TOKYO -- ANA Holdings says its 9.5% stake in Philippine Airlines' parent company is meant to capture growing demand for air travel between Japan and the Philippines, but the deal announced Tuesday also represents a defensive move as rival Japan Airlines expands rapidly in Southeast Asia.
The intensifying battle between Japan's two leading airlines is starting to pull in other Asian carriers, creating rival camps in the growing Southeast Asian market.
ANA said it will invest $95 million in PAL Holdings in a deal with the holding company controlled by billionaire Lucio Tan's family, confirming a Nikkei report last week on the buy-in.
ANA's expanded partnership with the Philippines' flag carrier and largest airline will increase code-sharing flights and place an ANA-appointed director on PAL's board, Tadahiro Uematsu, the Japanese group's vice president for global strategy, said at a news conference.
With landing slots mostly full at the Tokyo metropolitan area's Haneda and Narita airports, Uematsu said the deal with PAL is necessary to boost passengers without increasing flights.
ANA, the parent of All Nippon Airways and Japan's largest airline group by revenue, has had a code-share partnership with Philippine Airlines since 2014. But the investment seeks to cement the carrier's foothold in Southeast Asia.
"JAL has become a threat to ANA," said Kotaro Toriumi, an aviation analyst. JAL emerged from its 2010 bankruptcy filing leaner, helping it outperform ANA on profitability. An injection of taxpayer money fueled the flag carrier's recovery.
In light of this, Japan's transport ministry initially banned JAL from launching new routes and making growth-oriented investments. But once this restriction period ended in spring 2017, the airline moved into expansion mode and began peeling away ANA's partner airlines.
JAL announced a code-sharing deal with Hawaiian Airlines in September 2017, tying up with a carrier that had teamed with ANA. JAL and Hawaiian Air filed applications last year with U.S. and Japanese authorities to form a joint venture. In October 2017, JAL announced a tie-up with Aeromexico, which also switched from ANA.
A deal with Garuda Indonesia last September 2018 showed JAL's ambitions in Southeast Asia. Although the Indonesian flag carrier was in a code-share partnership with ANA, it announced plans for a joint business with JAL, which aims to benefit from rising air travel demand in the region's most-populous country and biggest economy.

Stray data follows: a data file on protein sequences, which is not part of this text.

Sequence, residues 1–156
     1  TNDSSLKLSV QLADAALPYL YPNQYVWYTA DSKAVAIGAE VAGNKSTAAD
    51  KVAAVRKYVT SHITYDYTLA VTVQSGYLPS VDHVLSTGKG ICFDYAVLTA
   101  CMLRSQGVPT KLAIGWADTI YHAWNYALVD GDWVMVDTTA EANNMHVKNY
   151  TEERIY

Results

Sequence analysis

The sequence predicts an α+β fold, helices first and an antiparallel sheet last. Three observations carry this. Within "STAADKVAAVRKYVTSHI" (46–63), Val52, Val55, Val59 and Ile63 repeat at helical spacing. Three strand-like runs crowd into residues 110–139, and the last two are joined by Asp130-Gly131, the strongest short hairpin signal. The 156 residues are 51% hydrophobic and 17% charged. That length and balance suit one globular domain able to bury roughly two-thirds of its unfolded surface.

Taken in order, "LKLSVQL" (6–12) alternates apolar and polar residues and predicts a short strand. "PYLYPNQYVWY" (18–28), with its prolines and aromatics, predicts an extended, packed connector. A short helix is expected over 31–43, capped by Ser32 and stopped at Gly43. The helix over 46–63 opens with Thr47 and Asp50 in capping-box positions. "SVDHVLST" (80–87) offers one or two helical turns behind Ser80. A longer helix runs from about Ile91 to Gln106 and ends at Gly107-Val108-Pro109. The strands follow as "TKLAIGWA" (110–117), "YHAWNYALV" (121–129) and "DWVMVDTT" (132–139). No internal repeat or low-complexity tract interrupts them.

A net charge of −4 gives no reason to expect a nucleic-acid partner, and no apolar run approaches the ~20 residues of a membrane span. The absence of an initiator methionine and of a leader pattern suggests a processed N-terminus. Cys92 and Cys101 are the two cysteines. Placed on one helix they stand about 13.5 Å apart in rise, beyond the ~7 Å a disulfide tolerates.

Meanwhile, ANA has consolidated its lead since surpassing JAL in international flight passengers for the first time in fiscal 2015. "Not only code-sharing but more company tie-ups, including investment or a joint venture, are necessary to prevent JAL from" taking more of ANA's partners, said Toriumi, the analyst. In 2016, ANA took an 8.8% stake in Vietnam Airlines, which used to have a code-share agreement with JAL.
PAL seeks to expand its Japanese flight network to respond to growing demand from Filipino tourists visiting the country. It also seeks to strengthen its financial base. How much benefit ANA's 9.5% investment will bring remains unclear. Local laws in the Philippines cap foreign ownership of airlines at 40%.
"We share the same values with PAL, which is the only full-service carrier in the Philippines and is highly rated recently for its service," ANA's Uematsu said.
PAL President Jaime Bautista said, "We aim to build a relationship that is mutually beneficial with an eye to a more progressive future."
Investment and joint businesses have become a global trend in the aviation industry, as more carriers reach outside their alliance for expansion. Delta Air Lines, a member of Skyteam, partners with Virgin Atlantic, Aeromexico, Brazil-based Gol Transportes Aereos and China Eastern Airlines, some of which do not participate in any alliance. American Airlines invested $200 million in China Southern Airlines in 2017, giving the carrier a chance to gain footholds in Chinese destinations beyond Beijing and Shanghai.